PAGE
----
Typhoon Mangkhut lashes southern China
Fears more miners may be lost in the Philippines as storm wreaks havoc in region
Four people have died in southern China after the world’s most ferocious storm this year, Typhoon Mangkhut, lashed the province of Guangdong, with winds of 230km/h recorded and more than three million people evacuated as the storm made its way from Hong Kong and the Philippines.
Hopes of finding survivors in the rubble of a huge landslide in the Philippines faded on Monday as rescuers in a remote mountainous region struggled to reach dozens of people feared trapped, two days after the typhoon struck.
Mangkhut made landfall at Jiangmen city at about 5pm on Sunday in southern China after wreaking havoc in Hong Kong and Macau.
The storm brought several cities in the Pearl Delta nearly to a standstill and 49,000 fishing boats were called back into port as waves more than three metres high lashed the coastline. The storm was on Monday making its way inland towards Guizhou, Chongqing and Yunnan provinces.
Disaster relief authorities said three people in the provincial capital Guangzhou were killed by falling trees and another person died after being struck by building materials in the city of Dongguan.
In Hong Kong, the typhoon warning was lowered and people started to pick up the pieces, with businesses and offices reopening. There were startling pictures on social media of swaying buildings, collapsed scaffolding, fallen trees and major flooding.
There were power outages throughout the Pearl River Delta. In Shenzhen, just across the border from Hong Kong, 120,000 households were without power for hours.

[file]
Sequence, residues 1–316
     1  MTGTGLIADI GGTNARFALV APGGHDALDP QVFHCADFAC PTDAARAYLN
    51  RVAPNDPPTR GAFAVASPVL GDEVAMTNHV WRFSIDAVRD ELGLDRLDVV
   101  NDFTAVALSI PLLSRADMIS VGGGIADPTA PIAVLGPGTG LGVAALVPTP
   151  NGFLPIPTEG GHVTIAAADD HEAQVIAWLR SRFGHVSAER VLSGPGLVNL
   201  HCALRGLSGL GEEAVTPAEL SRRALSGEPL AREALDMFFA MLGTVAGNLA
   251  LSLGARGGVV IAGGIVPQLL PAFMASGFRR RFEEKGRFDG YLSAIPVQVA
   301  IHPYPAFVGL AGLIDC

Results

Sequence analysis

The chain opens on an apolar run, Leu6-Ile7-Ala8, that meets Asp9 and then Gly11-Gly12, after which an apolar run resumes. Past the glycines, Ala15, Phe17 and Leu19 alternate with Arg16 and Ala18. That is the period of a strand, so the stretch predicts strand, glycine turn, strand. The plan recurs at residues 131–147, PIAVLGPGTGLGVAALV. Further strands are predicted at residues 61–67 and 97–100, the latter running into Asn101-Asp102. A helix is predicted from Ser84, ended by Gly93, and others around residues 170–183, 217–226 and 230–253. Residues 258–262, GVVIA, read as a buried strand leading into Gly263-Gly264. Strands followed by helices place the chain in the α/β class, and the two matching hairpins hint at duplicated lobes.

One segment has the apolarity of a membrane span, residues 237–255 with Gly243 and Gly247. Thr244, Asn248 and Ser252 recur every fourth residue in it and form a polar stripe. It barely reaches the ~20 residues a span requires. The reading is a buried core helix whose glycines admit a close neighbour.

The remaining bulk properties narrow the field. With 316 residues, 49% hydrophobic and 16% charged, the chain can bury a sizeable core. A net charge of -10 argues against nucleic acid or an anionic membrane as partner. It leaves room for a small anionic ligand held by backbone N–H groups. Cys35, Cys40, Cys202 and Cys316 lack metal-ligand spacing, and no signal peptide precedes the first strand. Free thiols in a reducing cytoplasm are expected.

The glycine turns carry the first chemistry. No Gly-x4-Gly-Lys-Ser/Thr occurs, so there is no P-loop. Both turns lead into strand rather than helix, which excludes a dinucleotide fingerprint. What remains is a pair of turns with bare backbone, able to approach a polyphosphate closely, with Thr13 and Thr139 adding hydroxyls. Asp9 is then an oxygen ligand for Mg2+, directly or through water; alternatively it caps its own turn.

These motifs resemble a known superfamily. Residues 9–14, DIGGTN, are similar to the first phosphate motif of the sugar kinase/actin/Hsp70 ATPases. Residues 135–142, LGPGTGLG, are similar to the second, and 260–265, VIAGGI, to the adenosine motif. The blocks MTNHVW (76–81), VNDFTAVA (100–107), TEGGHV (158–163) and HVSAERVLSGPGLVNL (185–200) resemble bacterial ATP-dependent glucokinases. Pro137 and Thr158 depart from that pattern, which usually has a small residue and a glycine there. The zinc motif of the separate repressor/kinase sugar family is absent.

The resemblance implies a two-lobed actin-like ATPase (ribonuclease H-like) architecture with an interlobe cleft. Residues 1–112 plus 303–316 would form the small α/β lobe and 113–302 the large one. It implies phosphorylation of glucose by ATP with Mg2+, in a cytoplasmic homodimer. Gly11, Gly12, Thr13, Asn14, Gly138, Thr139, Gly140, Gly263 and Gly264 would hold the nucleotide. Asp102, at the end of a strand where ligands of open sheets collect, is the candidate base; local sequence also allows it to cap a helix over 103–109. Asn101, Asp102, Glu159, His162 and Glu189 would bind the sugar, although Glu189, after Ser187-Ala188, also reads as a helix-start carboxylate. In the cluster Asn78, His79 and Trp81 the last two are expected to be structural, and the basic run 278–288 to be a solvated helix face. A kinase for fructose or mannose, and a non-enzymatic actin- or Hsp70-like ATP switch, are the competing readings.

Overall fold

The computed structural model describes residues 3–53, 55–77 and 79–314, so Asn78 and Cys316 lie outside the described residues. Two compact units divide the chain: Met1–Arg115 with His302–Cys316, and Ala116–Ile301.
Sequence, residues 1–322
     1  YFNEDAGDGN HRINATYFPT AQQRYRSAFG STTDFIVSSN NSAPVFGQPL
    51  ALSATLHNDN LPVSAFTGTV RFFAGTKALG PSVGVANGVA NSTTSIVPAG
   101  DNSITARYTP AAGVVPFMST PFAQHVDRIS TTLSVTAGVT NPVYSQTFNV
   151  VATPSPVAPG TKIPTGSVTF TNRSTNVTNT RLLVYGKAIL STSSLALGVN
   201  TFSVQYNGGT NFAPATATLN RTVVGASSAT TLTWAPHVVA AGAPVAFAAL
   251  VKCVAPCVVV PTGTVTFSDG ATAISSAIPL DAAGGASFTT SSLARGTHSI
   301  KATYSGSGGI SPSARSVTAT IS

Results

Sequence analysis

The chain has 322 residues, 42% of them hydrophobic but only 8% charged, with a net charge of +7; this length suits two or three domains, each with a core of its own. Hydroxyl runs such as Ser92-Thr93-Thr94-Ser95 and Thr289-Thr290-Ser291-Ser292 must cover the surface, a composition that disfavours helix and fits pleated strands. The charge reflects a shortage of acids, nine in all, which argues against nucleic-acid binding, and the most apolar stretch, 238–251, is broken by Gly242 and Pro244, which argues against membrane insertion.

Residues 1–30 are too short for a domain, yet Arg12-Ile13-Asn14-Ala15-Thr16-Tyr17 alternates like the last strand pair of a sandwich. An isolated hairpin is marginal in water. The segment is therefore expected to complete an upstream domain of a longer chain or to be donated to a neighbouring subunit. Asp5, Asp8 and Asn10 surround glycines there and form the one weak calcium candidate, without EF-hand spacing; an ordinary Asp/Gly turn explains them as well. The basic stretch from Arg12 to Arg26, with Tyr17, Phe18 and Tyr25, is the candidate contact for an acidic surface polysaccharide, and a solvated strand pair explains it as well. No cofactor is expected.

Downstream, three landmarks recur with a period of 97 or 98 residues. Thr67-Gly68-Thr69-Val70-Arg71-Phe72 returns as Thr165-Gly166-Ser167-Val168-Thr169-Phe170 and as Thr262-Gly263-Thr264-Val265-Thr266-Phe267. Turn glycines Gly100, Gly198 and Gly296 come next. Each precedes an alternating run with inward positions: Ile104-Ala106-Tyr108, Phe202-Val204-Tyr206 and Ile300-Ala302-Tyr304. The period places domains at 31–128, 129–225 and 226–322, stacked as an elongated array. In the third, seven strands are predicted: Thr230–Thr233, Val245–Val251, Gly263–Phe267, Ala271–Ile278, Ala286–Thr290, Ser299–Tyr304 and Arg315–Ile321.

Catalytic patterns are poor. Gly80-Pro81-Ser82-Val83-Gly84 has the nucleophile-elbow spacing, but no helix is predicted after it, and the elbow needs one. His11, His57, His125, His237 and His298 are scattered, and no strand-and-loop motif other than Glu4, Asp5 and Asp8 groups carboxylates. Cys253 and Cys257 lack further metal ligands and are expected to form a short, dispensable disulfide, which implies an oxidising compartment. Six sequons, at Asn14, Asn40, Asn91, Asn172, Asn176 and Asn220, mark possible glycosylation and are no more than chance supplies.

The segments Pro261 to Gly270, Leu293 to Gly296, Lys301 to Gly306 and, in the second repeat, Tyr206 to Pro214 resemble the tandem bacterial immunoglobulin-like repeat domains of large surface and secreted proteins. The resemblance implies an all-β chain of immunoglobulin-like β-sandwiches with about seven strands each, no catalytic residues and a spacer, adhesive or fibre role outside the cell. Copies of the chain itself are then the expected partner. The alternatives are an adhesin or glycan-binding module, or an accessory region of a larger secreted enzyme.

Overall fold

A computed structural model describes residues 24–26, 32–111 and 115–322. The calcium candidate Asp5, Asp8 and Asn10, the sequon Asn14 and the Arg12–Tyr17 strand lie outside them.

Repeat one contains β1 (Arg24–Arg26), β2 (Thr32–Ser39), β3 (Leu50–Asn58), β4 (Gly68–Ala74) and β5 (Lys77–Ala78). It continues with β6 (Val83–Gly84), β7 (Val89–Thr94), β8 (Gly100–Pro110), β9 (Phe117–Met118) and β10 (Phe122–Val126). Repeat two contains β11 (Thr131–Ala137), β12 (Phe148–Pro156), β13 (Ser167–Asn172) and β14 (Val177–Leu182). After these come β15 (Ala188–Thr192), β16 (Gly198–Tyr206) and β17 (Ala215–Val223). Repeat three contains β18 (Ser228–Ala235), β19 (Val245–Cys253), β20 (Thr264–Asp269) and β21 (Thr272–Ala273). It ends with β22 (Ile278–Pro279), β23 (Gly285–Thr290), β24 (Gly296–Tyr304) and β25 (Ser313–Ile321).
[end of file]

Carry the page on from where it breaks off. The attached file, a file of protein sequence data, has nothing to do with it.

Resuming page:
Hong Kong Observatory said it was the most powerful storm since records began in 1946. Nine hundred flights out of Hong Kong International Airport were cancelled.
In Macau, the casinos were ordered to close for the first time.
In the Philippines, some 300 police, soldiers, firefighters and volunteers armed mostly with hand tools raced to remove rocks, mud, debris and drain water from collapsed buildings, hoping to find some signs of life after 13 bodies were pulled out.
The village of Ucab in the picturesque Cordillera region was hit by one of 50 landslides triggered by heavy rains brought by Mangkhut, which tore across the northern tip of the Philippines early on Saturday, killing at least 54 people.
Only three people had been rescued in Ucab on Monday. Fifty-five were missing, six of them children. Many of the adults were in an abandoned bunkhouse, next to a chapel and home of a pastor and his family. The buildings were all crushed by earth and rocks.
“I am 99 percent sure the people there are dead,” said Victorio Palangdan, the municipal mayor. “We will continue until we get them all.”
Rescuers used bare hands to remove roofing, slabs of concrete and planks of wood, standing side-by-side, passing debris along a line to a pile 15m away. The abandoned bunkhouse, owned by gold miner Benguet Corp , was near the site of a mine which was operating illegally, according to the Chamber of Mines of the Philippines.
The chamber, of which Benguet Corp is a member, said mining operators in Ucab had been repeatedly told to leave the area because of the threat of landslides. Angered by the deaths from landslides that some government officials say are exacerbated by illegal mining, President Rodrigo Duterte on Monday reiterated his desire to “close all mining”.
His environment minister, Roy Cimatu, earlier ordered the stoppage of all small-scale mining in the Cordillera region, where landslides had killed 24 people. “From what I see, this will take time. We are unaware how deep they were buried,” said Peter Negrido, who has been involved in numerous rescue missions during natural disasters.
The typhoon affected about five million Filipinos altogether, 150,000 of whom were in evacuation centres when the storm hit, packing winds of over 205 =km/h, and gusts of as much as 305km/h. – Additional reporting: Reuters